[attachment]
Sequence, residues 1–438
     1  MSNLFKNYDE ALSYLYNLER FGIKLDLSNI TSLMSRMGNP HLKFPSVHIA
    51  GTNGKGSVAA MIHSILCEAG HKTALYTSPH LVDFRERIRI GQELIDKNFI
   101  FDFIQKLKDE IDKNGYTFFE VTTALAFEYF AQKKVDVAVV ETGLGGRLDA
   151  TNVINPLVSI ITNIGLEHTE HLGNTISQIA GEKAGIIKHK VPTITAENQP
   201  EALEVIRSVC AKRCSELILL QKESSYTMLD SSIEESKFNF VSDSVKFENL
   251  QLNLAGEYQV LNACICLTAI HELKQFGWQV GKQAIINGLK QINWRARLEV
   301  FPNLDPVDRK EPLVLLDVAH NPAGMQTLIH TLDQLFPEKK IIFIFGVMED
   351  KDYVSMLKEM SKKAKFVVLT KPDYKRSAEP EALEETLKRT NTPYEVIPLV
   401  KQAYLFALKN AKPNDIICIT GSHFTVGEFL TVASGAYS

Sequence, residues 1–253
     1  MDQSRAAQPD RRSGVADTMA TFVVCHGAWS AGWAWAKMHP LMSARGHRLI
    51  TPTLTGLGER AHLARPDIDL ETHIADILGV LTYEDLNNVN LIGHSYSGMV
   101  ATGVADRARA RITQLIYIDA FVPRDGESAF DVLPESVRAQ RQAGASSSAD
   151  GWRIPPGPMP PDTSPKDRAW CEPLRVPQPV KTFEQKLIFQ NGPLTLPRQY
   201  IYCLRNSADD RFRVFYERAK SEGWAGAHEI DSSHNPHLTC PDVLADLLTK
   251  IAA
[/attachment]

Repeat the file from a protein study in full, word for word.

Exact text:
Sequence, residues 1–438
     1  MSNLFKNYDE ALSYLYNLER FGIKLDLSNI TSLMSRMGNP HLKFPSVHIA
    51  GTNGKGSVAA MIHSILCEAG HKTALYTSPH LVDFRERIRI GQELIDKNFI
   101  FDFIQKLKDE IDKNGYTFFE VTTALAFEYF AQKKVDVAVV ETGLGGRLDA
   151  TNVINPLVSI ITNIGLEHTE HLGNTISQIA GEKAGIIKHK VPTITAENQP
   201  EALEVIRSVC AKRCSELILL QKESSYTMLD SSIEESKFNF VSDSVKFENL
   251  QLNLAGEYQV LNACICLTAI HELKQFGWQV GKQAIINGLK QINWRARLEV
   301  FPNLDPVDRK EPLVLLDVAH NPAGMQTLIH TLDQLFPEKK IIFIFGVMED
   351  KDYVSMLKEM SKKAKFVVLT KPDYKRSAEP EALEETLKRT NTPYEVIPLV
   401  KQAYLFALKN AKPNDIICIT GSHFTVGEFL TVASGAYS

Sequence, residues 1–253
     1  MDQSRAAQPD RRSGVADTMA TFVVCHGAWS AGWAWAKMHP LMSARGHRLI
    51  TPTLTGLGER AHLARPDIDL ETHIADILGV LTYEDLNNVN LIGHSYSGMV
   101  ATGVADRARA RITQLIYIDA FVPRDGESAF DVLPESVRAQ RQAGASSSAD
   151  GWRIPPGPMP PDTSPKDRAW CEPLRVPQPV KTFEQKLIFQ NGPLTLPRQY
   201  IYCLRNSADD RFRVFYERAK SEGWAGAHEI DSSHNPHLTC PDVLADLLTK
   251  IAA